The Cadzow cattle are a remaining fold descended from the predominantly white cattle that roamed wild in the Caledonian Forest, with populations established in these ancient woods that at one time stretched from the west coast over to Blair Atholl. When the Romans arrived in Britain they wrote of these wild white cattle. They followed seasonal grazing, roaming freely, until the ‘enclosures’ when land reform brought in fenced lands. With their fine stature, white coat and distinctive black muzzle, the cattle have quite a presence with great charisma, so were popular on estates where they could be admired – although there were also tales of their wild behaviour.
The horned wild white cattle of the forests are mentioned by the Romans and right through the Middle Ages, their ferocity often remarked upon as well as their beauty. In 1225 Henry III passed laws resulting in the enclosure of lands previously open, resulting in herds of cattle that used to roam following the seasons, becoming fenced in. By this act, they became marginally tamed but still show characteristics of their wild ancestors.
The distinctive white coats have been favoured; with black muzzles, ears, feet and horn tips but today they also allow the black colours to prevail, reflecting the original British auroch DNA (based on 6Kg bones from Devon). They also have a gene for being polled. Genetically linked to Highlanders and Galloway, there have a remarkable genetic distance from any domestic breeds. There are also marked differences between the Cadzow and the white Chillingham cattle of England and the Cadzow breed are significantly larger.
Keith Stuart, Estate Farm Manager for the Duke of Hamilton has the responsibility of looking after these precious cattle. They graze naturally with cows growing to up to 800kg, and bulls up to 800-900kg by 4-5yrs old. In the wild, calves were traditionally concealed by their mothers and cows can still be lethal when with calf. 7-9 cattle are sent to market annually. There is interest in creating specialist routes to market.
The Duke of Hamilton is custodian of this exceptionally rare breed, as were his forefathers before him. Sometimes described in old text as the Hamilton cattle, one family seat was Hamilton Palace on the outskirts of Hamilton (the town originally named Cadzow). Although the palace is gone, the ruins, along with the Hunting Lodge remain in Chatelherault Country Park where a small number of the Cadzow cattle are kept on display. Chatelherault is named after a French town, twinned with Hamilton, relating to a title granted to the Hamiltons for their part in arranging the marriage of Mary Queen of Scots to the Dauphin of France. Their dedication to the Cadzow cattle can be traced back to the 13th Century, resulting in the survival of this breed.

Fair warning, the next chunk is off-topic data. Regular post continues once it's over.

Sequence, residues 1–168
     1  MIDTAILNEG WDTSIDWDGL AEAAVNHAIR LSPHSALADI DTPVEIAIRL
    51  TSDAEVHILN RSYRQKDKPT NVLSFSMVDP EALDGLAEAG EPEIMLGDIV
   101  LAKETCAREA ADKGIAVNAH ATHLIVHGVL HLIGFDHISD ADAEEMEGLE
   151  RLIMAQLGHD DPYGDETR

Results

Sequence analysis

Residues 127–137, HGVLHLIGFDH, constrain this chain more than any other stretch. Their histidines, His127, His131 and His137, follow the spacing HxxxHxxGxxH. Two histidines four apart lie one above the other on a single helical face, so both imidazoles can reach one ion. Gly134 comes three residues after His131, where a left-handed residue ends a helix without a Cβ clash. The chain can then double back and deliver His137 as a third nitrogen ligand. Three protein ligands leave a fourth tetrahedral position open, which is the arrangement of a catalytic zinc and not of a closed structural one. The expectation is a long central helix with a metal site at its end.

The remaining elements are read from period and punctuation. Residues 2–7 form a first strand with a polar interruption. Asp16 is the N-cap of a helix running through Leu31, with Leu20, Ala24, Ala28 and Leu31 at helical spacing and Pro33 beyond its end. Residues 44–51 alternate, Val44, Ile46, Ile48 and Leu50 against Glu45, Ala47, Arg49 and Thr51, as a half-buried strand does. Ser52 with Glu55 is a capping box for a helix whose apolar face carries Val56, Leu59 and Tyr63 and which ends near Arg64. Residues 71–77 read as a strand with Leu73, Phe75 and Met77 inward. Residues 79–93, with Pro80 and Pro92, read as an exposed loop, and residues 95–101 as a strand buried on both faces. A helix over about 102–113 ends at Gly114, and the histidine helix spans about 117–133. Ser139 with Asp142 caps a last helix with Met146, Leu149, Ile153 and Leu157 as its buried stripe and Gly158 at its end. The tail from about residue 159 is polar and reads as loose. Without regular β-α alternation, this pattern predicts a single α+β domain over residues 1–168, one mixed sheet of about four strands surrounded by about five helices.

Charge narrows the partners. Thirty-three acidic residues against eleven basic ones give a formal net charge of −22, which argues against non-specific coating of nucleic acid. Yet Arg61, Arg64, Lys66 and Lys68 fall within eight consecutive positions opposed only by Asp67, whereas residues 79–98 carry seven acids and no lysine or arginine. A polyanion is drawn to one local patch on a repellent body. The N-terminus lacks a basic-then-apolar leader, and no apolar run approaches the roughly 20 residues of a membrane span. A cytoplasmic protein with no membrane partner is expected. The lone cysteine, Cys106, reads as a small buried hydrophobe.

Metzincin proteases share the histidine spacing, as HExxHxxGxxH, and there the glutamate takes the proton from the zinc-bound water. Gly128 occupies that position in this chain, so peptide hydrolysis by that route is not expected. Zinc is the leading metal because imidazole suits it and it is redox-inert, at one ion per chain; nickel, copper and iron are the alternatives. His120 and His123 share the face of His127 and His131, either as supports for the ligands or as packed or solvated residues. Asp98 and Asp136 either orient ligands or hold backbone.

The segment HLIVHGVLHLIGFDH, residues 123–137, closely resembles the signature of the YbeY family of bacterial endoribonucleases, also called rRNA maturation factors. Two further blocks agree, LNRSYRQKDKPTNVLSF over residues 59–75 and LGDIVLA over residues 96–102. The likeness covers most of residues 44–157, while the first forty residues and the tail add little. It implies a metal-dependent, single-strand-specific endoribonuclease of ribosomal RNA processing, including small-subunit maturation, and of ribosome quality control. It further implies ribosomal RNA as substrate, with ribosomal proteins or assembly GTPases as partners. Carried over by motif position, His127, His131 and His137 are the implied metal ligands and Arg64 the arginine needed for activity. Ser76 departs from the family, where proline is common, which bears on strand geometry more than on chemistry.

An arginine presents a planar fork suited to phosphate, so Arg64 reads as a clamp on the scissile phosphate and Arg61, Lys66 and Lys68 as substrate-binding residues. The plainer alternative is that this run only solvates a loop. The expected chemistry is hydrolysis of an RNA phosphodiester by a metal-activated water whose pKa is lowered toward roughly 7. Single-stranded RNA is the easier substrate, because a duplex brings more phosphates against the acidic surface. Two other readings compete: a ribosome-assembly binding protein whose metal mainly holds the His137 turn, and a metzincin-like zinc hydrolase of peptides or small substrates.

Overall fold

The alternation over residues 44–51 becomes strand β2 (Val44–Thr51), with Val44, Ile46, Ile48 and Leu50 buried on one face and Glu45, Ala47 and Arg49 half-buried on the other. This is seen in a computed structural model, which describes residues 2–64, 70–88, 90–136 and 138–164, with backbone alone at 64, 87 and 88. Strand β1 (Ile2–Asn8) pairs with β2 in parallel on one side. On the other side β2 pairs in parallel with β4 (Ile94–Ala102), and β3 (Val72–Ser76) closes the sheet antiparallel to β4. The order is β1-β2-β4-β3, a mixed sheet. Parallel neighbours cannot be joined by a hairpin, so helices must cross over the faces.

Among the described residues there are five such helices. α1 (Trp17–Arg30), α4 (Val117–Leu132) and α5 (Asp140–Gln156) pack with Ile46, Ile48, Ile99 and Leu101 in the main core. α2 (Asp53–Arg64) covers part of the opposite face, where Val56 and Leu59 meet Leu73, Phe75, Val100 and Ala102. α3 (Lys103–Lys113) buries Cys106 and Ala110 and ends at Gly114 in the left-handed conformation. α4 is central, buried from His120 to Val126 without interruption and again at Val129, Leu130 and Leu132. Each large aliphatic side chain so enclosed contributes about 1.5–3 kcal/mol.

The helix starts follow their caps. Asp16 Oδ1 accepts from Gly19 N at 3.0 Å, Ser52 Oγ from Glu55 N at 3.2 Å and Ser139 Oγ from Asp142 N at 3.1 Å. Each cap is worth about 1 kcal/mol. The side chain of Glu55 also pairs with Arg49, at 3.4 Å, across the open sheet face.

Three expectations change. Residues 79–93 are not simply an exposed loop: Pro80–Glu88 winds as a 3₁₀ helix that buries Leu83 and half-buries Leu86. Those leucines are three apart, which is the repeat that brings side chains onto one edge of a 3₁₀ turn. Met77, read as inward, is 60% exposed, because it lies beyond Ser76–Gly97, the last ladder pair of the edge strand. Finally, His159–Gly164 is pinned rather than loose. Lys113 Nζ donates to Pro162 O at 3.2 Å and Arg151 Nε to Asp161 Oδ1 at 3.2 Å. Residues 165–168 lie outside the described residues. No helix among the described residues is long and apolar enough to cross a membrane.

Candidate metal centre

It would have been used for milk, meat and draught but laterally for meat production. The meat has excellent flavour and marbling and considered a speciality for gastronomes. It should be well hung to develop its fine flavour.
There are two folds of Cadzow cattle, The Lennoxlove fold and The Chatelherault. The six animals at Chatelherault are all castrated bull calves, to exhibit the breed in situ for display purposes, sold to South Lanarkshire Council. The main fold, The Lennoxlove, is owned by the Duke of Hamilton at Lennoxlove (their residence) where Keith Stuart, Estate Farm Manager is responsible for tending this unique breed. Each year 7-9 are slaughtered, butchered, and sent to customers in UK, Belgium, and Germany.
As with most heritage breeds the Cadzow is best cooked slowly at a medium heat. Old breeds generally benefit from slow moist cooking methods such as casseroles and pot roasts, maximising the wonderful flavours and cooking on the bone. By using the local herbs and seasonal vegetables the terroir is retained and its characteristic flavours can be fully appreciated.
There were several herds of Scottish white cattle, originally from the forests, in the early 19th Century but most had died out by the turn of the century. The Duke of Hamilton’s Cadzow cattle are extremely rare – currently 25 cows, with 18 calving (2021).
By the mid 1800’s the forests had dwindled, the cattle hunted and all but gone. The Chambers Encyclopaedia at that time mentions the white wild cattle roaming at Chatelherault. By late 19th Century there were only 8 cattle remaining, at which point one or two Chillingham bulls were brought north to preserve the breed. Since then, the Cadzow cattle have remained pure-bred, grazing freely.